Intentional Calm: How to Make the Most of a Changing World
cHAOS and uncertainty are part of life. Are you taking advantage of it?
To make the most of a chaotic world we need to balance our emotions with a rational and deliberate thought process in real time that allows us to learn and consciously and creatively act on the situation or what the authors Jacqueline Brassey, Aaron De Smet, and Michael Kruyt, call Intentionally Calm.
Here’s the problem. At the very moment, we must consciously solve the situation and choose the behavior that best suits it, we instinctively do the opposite. on Intentionally Calm: How to Learn and Lead in a Changing Worldthe authors call it the Paradox of adaptation: “ At the very moment when we need to abandon our usual patterns and creatively engage with an unfamiliar, complex, or uncertain situation and choose a new and innovative response, the unfamiliarity, complexity, and lack of we can’t do it.”
Intentional calm is about adaptability and self-control. It’s about awareness, learning agility, and emotional self-regulation.
Beneath the surface of our behavior is our core identity, made up of thoughts, feelings, and beliefs that we have cultivated and refined since childhood. Negative self-talk only reinforces it. Together they form the foundation of thinking that drives our behavior. Mostly it seems to work for us. It seems to protect us and our core being. But in unchangeable situations, our ingrained reactions cause us to miss opportunities to learn and grow in more productive ways. The ability to separate ourselves from our thoughts and feelings is the first step forward. We need to develop Dual Awareness.
Dual Awareness consists of “awareness of our external and internal environment and how they affect each other.” Doing so means “we recognize that our intense feelings are actually gifts. They are messages that tell us that our usual behavior may not be the most appropriate for the situation we are facing.” The Dual Awareness has three layers: awareness of the situation and what it requires, awareness of what is happening to you now, and then responding effectively as a result.
This helps us recognize when we have entered a Adaptive Zone. In this zone, “we face challenges that require us to do something new that is not easy or natural for us to do, and if we fail, there will be real consequences. Circumstances exceed our current capabilities, and our normal practices, patterns, and attitudes no longer work for us in the way we need or want them to.”
When faced with an Adaptive Zone, it’s time to switch to learning mode. Our default mindset creates blind spots.
In those moments, however, we can accept and acknowledge our limited perspective, learn from the experience of others, and try to see things through their lens, we can expand our worldview. and solve more complex problems than we can. ourselves.
The question then becomes, “What do I have to believe to answer differently?”
When we find ourselves in an Adaptive Zone, it is common for all of us to blame others for our problems when we are on the defensive and operating from our default thinking and behavioral patterns. We believe that the way we see things is true, so we don’t look inward and explore other possibilities or the ways in which our own perspective can be shifted. This leads us to blame others or circumstances outside of ourselves for our problems instead of taking ownership and looking for ways we can change to create a better result.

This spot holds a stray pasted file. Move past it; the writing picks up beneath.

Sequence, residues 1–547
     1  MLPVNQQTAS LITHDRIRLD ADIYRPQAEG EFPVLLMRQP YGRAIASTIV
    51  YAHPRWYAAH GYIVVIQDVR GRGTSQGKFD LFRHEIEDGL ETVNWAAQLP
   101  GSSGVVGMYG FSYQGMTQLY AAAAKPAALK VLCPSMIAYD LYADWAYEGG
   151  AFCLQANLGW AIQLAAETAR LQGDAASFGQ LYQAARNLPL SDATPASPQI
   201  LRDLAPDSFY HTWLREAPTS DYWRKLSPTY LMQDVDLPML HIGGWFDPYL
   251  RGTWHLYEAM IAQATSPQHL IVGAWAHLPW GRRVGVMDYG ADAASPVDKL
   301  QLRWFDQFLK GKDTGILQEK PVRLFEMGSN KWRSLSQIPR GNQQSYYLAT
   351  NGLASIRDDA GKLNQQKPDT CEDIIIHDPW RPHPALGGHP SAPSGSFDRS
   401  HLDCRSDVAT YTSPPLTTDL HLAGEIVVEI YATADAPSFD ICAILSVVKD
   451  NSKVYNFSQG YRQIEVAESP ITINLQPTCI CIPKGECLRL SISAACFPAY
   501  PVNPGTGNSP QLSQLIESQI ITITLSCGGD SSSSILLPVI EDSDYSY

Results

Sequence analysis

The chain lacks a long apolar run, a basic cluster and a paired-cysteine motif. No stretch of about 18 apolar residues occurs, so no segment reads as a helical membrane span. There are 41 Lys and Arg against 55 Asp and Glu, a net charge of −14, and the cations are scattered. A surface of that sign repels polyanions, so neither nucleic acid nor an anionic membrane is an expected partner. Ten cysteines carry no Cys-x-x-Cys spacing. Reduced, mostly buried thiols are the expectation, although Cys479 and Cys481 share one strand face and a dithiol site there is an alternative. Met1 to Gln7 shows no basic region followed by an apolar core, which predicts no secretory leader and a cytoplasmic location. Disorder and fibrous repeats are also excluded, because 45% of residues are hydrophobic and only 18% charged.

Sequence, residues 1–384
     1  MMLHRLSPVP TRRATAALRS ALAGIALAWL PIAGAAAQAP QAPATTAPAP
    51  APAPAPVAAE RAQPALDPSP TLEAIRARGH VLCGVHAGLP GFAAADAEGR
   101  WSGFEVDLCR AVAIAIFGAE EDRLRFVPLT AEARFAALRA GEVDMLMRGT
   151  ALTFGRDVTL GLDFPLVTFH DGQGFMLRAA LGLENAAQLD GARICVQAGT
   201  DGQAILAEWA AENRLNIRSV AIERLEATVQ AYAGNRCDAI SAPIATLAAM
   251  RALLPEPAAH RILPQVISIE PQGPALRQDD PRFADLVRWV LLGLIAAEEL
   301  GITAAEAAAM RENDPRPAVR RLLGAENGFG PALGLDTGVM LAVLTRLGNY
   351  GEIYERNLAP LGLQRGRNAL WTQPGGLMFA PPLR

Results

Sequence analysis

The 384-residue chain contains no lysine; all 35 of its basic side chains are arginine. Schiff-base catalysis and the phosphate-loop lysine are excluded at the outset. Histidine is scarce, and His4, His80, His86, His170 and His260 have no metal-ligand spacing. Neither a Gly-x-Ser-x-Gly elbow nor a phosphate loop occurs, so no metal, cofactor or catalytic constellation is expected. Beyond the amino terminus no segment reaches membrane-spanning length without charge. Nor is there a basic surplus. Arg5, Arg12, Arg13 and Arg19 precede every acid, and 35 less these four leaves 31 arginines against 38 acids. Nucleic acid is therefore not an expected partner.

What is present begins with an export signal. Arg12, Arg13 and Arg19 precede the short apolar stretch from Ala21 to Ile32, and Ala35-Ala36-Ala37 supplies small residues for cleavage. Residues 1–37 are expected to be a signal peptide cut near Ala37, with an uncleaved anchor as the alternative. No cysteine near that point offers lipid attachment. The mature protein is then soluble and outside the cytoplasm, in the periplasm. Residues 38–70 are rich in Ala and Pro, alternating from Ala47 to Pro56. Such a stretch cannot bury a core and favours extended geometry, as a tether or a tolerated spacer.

We tend to cling to what we know and what has worked for us in the past in the face of uncertainty, even though it doesn’t work because it’s comfortable and provides a sense of control.
Having a greater purpose helps us remember why we do what we do and helps us move away from the familiar and accept the Adaptive situation we face and learn from it.
When two different mindsets collide, we usually find conflict. But “if handled well, with an open mind instead of judging, defending, or blaming, conflict can actually be a great factor in learning.”
Without Dual Awareness, there is a risk of being triggered into a state of protection, judging and blaming others, and starting to form negative opinions about them. Then we understand what they say and do according to the opinions.
And if we always look for the corroborating evidence of our opinion through the very lens that created it, there is no doubt that we will find it.
Instead of blaming each other and looking for evidence of our own judgments, we begin to see each other more fully as complete, complex, three-dimensional people whose behavior in a situation can be show something more complicated than what we see above. . This often begins to develop more understanding, trust, empathy, and intimacy as we feel more comfortable sharing deeper elements of who we are.
The way to practice Deliberate Calm is to “consciously design your life to make it easier to stay calm and present no matter what’s going on around you.” The Deliberate Clam model relies on four pillars: awareness, purpose, relationships, and energy. The book’s appendix provides a way to access where you are and do daily practices that will help you develop your Deliberate Clam muscle.
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